Thankfully his football watching experience has been more positive since. He has continued with his season ticket at Bramall Lane and watched better performances this season, with more wins and goals to keep him interested. Bolton chairman Phil Gartside, on reading this blog, invited my wife and George to hospitality in his suite at the Bolton v Everton game earlier this season. They had a great day, being well looked after by Phil and his guests, of course Bolton lost and again the result passed him by, but for the right reasons this time.

Yet, when the potential for United playing at Wembley was realised, there was still a reticence about going back. You could see the worry behind his eyes as he tentatively agreed to join me. His mind working over-time computing everything that happened last time, alongside thoughts of being with his Dad and cheering on the Blades.

Saturday's trip to Wembley is a must win game for the  Blades, failure to get promotion leaves the club in a difficult position next season, with wholesale changes likely as the club struggles to comply with FFP rules. If we lose, then realistically it could be a while before we bounce back. A Blades victory is something I want so much, yet at the same time and on a personal level, this is about giving my son the day-out at a big football match that he deserves to remember and for all the right reasons.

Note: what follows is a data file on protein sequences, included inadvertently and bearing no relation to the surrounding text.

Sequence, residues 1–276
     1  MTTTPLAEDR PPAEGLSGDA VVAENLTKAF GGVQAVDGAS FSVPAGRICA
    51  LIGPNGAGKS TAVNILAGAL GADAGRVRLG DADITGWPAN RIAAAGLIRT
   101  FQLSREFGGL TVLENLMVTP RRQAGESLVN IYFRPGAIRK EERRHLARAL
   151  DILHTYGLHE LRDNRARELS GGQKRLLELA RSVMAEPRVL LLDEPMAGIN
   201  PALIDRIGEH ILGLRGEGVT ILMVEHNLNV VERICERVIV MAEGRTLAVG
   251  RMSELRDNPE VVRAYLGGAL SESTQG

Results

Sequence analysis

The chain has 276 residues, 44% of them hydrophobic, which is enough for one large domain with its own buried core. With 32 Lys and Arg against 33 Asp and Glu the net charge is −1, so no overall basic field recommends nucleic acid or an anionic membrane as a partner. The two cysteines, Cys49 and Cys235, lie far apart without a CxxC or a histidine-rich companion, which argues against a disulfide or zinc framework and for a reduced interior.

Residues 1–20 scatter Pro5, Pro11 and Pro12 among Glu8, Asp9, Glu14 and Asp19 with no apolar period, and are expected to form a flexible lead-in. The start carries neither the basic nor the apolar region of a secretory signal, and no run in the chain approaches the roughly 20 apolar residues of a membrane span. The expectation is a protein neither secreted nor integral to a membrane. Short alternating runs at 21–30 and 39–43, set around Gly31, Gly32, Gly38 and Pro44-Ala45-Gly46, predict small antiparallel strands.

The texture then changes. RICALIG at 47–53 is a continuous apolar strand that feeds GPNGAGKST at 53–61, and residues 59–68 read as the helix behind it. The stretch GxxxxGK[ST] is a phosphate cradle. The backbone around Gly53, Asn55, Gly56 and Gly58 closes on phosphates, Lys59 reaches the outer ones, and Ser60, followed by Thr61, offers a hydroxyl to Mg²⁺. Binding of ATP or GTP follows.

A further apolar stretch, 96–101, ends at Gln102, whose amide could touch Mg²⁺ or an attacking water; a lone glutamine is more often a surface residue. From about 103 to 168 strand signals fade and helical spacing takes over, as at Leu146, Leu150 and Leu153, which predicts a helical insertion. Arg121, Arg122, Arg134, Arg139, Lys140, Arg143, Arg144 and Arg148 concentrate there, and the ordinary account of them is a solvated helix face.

When I bought our tickets online, I sent a brief email to my wife. It was the excitable football fan in me; delighted to have got my tickets, despite the likelihood of it not selling out, nor my chosen price band selling out in the first afternoon! Her reply brought a little lump to my throat and dampness to my eye that, for a Yorkshireman who shows little emotion, took me back a little. 
"Don't go down there with the view that you are going to see a must-win match and it will be really disappointing if you don't win - instead look at it as a big adventure with your little boy and try to have as much fun as you can - buy stupid hats and expensive sweets/drinks/food, sing loud silly songs, put him on your shoulders to walk up Wembley Way, wave your flags - let the match/result be a sideshow rather than the main event."

"Try to imagine being a 6 year old again and forget all the years of disappointment…. that way, no matter what the result, you and George will have some great memories of a shared 'Father and Son Big Day Out'"

She is right (but don't tell her I said that) and that is exactly what I am going to try and do. I can't promise to follow it to the letter - I might draw the line at one of those red and white jester hats - but I am going with a positive attitude and I hope all other Blades fans are too.

If we all go with a bit of the wonderment and excitement of a 6 year old and less of the world-weary bitterness of repetitive failure, then maybe we might enjoy ourselves. If we enjoy ourselves, we might just back the team in a positive way. And if we back the team in a positive way, United could get the result to match the day-out.

Up the Blades!


  1. Craig Anderson21 May 2012 at 21:31

    a great way to look at it my daughter is so excited about saturday she to is 6 although she went with us against Burnley, when we told her we were going to wembley she was happy where as me and my dad had the same feeling of all those past times all the disapointments.
    Win or lose saturday for once i am gonna take in the atmosphere and enjoy it with Jess, it may take years to turn it round if we don't win but i know i'll be there no matter where we are.